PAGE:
When I asked Sorrentino how he came up with the film, he told me that for a long time, he’d been looking for a character who could be a traveler between worlds. Then he finally found Jep. Like Marcello in La Dolce Vita, Jep is a journalist and a flâneur with nothing to do. And like Guido in 8 ½, he’s always asked when his next work will be finished. The Great Beauty is a theme and variation in two keys, the major being the sacred (or spirituality), and the minor being the profane (or sensuality)—and so are all of Fellini’s films. Recall La Dolce Vita’s opening, where a helicopter is towing a statue of Christ, while the pilot and Marcello are distracted by three women in bikinis sunbathing on a rooftop. Or the Cardinal in 8 ½, who tells Guido that what is not of God is of the Devil. In The Great Beauty, Sorrentino introduces us to an actor who is starring in two TV dramas. “I’m playing a Pope in one, and a junkie on the road to recovery in the other.”
Many say that The Great Beauty is the new Fellini, with its handsome surrealism, baroque expressions, and casual opulence. Sorrentino makes no secret of his admiration for Fellini, but there’s almost no benefit to being compared to that art-house superstar, lest we forget how La Dolce Vita and 8 ½ were received by the cognoscenti back in the day as heavy-handed but essentially empty fluff, especially compared to, say, the real emptiness of Antonioni and the true heavy stuff of Rossellini. La Dolce Vita is all about people like Fellini and 8 ½ is all about the terrible bummer of being a successful director like Fellini. Many of today’s critics still feel that way, understandably, but the point is moot—those movies are by now beloved by far more interesting people than critics.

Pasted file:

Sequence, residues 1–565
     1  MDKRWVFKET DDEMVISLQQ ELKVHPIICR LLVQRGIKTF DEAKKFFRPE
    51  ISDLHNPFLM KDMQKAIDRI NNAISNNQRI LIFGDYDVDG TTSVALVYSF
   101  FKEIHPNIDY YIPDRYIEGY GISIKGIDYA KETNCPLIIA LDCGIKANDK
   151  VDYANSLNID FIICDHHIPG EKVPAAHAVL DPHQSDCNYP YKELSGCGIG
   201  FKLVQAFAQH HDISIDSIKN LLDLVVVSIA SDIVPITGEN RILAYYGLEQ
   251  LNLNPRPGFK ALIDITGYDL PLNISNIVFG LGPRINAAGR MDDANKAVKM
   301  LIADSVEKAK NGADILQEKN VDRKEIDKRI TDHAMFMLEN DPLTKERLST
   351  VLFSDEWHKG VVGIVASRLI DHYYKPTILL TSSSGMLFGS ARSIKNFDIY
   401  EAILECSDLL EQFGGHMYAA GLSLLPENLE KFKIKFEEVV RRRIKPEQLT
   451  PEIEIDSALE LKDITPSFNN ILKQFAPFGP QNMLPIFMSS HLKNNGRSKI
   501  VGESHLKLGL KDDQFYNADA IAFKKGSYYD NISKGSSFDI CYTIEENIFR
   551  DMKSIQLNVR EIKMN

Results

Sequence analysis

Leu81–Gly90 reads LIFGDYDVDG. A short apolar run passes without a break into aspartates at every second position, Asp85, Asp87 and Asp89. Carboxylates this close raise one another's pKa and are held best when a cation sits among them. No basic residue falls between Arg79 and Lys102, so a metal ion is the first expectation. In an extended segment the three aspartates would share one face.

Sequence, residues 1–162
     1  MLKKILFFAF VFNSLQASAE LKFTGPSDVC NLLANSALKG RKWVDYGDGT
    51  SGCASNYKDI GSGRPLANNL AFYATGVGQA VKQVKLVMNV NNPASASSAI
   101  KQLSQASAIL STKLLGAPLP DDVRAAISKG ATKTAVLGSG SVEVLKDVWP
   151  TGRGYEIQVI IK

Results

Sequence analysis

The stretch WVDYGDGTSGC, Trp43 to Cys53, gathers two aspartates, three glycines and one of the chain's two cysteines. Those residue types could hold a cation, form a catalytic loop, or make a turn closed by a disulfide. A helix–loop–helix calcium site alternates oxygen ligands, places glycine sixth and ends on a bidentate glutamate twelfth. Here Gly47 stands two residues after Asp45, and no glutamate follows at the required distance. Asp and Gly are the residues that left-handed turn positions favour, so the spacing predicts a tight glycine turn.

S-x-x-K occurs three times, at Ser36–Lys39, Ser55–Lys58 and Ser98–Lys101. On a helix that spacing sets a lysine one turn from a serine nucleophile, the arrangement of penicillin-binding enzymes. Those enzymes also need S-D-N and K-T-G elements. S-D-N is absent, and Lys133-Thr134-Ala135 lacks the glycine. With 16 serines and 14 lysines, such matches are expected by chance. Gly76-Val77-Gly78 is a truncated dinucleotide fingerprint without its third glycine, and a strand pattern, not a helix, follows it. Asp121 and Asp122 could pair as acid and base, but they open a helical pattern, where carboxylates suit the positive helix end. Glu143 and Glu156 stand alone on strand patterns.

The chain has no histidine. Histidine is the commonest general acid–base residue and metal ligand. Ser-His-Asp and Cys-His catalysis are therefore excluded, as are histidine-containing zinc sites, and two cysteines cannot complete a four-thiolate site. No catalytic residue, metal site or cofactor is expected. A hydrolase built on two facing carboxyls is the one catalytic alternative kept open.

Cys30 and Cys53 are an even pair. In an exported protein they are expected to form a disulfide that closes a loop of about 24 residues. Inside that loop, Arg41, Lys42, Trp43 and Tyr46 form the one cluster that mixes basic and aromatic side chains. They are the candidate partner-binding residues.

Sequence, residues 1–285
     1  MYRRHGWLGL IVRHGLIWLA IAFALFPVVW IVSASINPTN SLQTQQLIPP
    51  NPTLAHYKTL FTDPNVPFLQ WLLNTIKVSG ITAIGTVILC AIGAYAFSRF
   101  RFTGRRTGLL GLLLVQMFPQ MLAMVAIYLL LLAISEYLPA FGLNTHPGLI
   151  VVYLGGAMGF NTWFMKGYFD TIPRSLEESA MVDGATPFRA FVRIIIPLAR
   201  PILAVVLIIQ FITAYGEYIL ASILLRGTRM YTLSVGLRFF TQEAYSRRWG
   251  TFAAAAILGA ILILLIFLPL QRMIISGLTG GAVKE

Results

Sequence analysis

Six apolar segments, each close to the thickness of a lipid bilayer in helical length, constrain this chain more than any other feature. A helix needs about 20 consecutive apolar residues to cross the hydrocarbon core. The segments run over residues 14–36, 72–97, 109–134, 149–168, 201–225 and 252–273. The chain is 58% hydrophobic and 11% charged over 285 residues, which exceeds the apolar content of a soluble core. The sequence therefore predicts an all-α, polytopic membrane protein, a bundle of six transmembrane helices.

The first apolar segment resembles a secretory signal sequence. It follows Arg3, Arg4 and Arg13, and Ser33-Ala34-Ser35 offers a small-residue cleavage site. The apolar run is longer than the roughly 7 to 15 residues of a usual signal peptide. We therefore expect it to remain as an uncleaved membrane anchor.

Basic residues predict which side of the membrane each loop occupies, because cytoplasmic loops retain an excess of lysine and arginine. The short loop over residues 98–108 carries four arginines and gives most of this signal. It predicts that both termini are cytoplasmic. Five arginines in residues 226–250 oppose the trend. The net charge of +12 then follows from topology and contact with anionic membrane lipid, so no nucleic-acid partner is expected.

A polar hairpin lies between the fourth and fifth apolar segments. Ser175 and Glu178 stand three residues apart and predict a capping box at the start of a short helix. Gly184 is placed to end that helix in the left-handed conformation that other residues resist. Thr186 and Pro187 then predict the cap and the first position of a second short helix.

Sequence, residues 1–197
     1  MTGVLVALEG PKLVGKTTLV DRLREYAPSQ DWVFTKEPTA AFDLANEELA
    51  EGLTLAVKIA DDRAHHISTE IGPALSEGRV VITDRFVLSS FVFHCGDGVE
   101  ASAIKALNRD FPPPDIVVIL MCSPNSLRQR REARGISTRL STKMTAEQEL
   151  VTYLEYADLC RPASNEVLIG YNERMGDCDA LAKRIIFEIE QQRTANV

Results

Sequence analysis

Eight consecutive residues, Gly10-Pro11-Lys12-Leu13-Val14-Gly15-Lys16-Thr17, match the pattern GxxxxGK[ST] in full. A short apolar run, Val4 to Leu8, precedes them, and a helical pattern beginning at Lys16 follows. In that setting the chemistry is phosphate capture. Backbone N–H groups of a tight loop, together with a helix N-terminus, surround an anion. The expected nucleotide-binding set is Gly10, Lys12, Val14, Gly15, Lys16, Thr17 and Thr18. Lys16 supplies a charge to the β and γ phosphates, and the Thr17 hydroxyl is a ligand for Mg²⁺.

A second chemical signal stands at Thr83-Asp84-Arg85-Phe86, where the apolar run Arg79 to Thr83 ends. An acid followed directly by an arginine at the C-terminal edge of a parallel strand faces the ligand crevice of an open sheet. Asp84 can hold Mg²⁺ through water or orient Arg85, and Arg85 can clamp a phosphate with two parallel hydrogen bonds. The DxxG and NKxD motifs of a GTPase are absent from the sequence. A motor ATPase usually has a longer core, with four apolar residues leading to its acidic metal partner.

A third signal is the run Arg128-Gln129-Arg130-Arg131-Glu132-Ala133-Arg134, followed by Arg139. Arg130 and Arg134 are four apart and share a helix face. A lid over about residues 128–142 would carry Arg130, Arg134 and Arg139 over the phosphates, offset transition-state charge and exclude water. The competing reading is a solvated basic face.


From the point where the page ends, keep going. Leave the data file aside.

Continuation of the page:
If Sorrentino has learned from Fellini, it is that today’s audience requires something more balanced and nuanced. So the camera vacillates between loving Jep and holding him in contempt. He’s able to seem witty and justifiably blunt against head-butting artists who talk in the third person and repeat slogans like “I live on vibrations, extra-sensory ones.” But he himself reproduces the same saying about Flaubert wanting to write a novel about nothing. Like the Colosseum, Jep both stands above and is a part of the grotesqueries that revolve around him. Sometimes he shuns them, sometimes he hosts them. Hedonistic distractions have existed from Caligula and Nero to Andreotti and Berlusconi. The Great Beauty portrays the Eternal City looking at all of this with intimate amusement and distanced disapproval. Rome is graceful, outlandish, grand, cold, eternal, in flux, and full of olive-rich contradictions. What The Great Beauty and Fellini share is the Roman light—3,000 years of viscous sun. Jep says he never wrote another book because he was looking for the great beauty and he never found it. But it was always here, at home. Rome, this must be the place.